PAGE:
Start a hosting plan from $3.92/mo and get a free year on Tuts+ (normally $180)
Long before the days of text messaging, IM services, and other instantaneous communication protocols we’re now familiar with, the Internet was home to the birthplace of it all — IRC. Standing for Internet Relay Chat, this incredible chat protocol was so robust that it’s still in use today. In this article, we’ll discover how IRC works and why you should make use of it.
The First Instant Messaging System
In 1988, a Finnish man by the name of Jarkko Oikarinen invented IRC to replace an aging system of relay chatting that was running on the phoneline-accesed bulletin board systems (BBS) popular before the 1990s.
He wanted a system that was built on the then-fresh “Internet”, and his solution leveraged the TCP, or Transmission Control Protocol, one of the core architectures of the global network we know today.
IRC helped popularize the notion of the Internet as a platform of communication.
His achievement is important for two key reasons. Firstly, it helped popularize the notion of the Internet as a platform of communication. Secondly, he laid the groundwork and provided a proof-of-concept for generations of instant messaging protocols, services, and systems that would evolve from it.
Jarkko now works for Google.
The Structure of IRC
The Structure of IRC
Though it has evolved tremendously since its invention, the modern face of IRC is straightforward and the structure has remained fairly consistent throughout its long life. It is, at its heart, a system for creating chat rooms.
The hierarchy works like this: IRC Networks > IRC Servers > Channels. The networks are large clusters of individual servers, and while there are relatively few of them, it’s worth noting that EFnet — the original — is still operational and among the “Big Four” IRC networks (along with QuakeNet, Undernet, and IRCnet).
IRC servers provide the actual environments and processing for chatting, and each one is able to host a number of individual channels. Those channels are where we — as users — come into the picture.
Clients: Meet Colloquy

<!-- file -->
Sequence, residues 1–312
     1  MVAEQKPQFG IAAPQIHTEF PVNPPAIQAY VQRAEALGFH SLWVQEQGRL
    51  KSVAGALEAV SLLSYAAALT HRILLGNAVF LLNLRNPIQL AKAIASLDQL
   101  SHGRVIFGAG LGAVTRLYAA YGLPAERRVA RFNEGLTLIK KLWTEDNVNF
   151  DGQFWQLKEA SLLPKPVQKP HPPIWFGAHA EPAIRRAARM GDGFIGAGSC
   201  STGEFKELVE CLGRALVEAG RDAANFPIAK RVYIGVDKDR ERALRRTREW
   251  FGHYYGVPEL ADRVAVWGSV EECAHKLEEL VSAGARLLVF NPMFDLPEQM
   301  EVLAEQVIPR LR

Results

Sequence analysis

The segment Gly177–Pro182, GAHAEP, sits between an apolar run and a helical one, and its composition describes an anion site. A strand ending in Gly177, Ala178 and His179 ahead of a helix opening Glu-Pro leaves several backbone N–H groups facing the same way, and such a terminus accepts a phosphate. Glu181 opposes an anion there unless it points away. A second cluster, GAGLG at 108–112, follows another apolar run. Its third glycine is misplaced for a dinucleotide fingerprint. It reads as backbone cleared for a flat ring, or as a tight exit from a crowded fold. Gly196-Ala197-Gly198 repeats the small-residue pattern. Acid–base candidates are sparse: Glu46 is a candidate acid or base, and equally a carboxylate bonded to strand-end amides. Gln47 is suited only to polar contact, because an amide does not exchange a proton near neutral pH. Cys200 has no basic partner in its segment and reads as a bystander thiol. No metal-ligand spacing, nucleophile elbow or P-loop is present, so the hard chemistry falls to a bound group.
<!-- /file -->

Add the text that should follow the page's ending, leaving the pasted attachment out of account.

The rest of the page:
The first step on the road to IRC mastery is connecting to a server and finding a channel to chat on. This is achieved through client software, and there are a tremendous number of options available for nearly every computing operating system in history.
On the Mac side of things, the primary options are Adium and Colloquy. Adium is the omni-chat supertool, so for the purposes of clarity, we’re going to be using Colloquy instead to illustrate everything in this tutorial. Available as a free download from their website, Colloquy is a robust IRC-focused client that will make it very simple to understand what’s going on.
Once you download and run Colloquy, you’ll be greeted by its basic interface. Now let’s get chatting!
Colloquy is a clean, simple, and powerful IRC client.
Connecting to a Server
First things first: we need to find ourselves a server to chat on. From Colloquy’s main window, simply hit the “New” button in the top left to get started.
When you chat on IRC, you assign yourself a nickname so that you can be identified on the channel. This can be anything you like, though it’s a good idea to choose something fairly anonymous and avoid generic names that might get confusing in a crowded channel.
It’s a good idea to choose a fairly anonymous nickname, avoiding generic names that might get confusing in a crowded channel.
Next, you’re asked to select a server to connect to (ignore the server protocol dropdown since we’re using IRC here). It’s very likely that, in your Internet travels, you’ve come across invitations to join a site’s owners on IRC, and there’s either been a link to a web client, or they will have given a simple server address.
Let’s say we’re huge StarCraft fans. One day, while browsing the StarCraft subreddit on Reddit.com, we notice that they have an IRC channel. The listing directs us to “#starcraft on esper.net”.
Connecting to a server is easy. The Details menu allows you to adjust more complex connection settings.
This address tells us that we should look for a channel called “#starcraft” on the server “esper.net”. To access this channel, we simply look for esper.net in the chat server field, and then hit connect.
Finding the Channel
With the server connection established, you’ll notice that there doesn’t seem to be an option to connect to a channel. This is because Colloquy uses the term Rooms to refer to channels, likely because it’s easier to understand things if you picture IRC channels as chat rooms — which is essentially what they are.
It’s easier to understand things if you picture IRC channels as chat rooms — which is essentially what they are.
Now that we understand Colloquy’s terminology, we can use the “Join Room” button to find the StarCraft channel. Clicking the button brings up a small window prompting you to enter the channel name. In our case, we know it’s “#starcraft”, but assuming we weren’t sure, we could hit the downward arrow beside the entry field to expand the window and display the full list of open channels on the esper.net server. As you can see, there are many of them.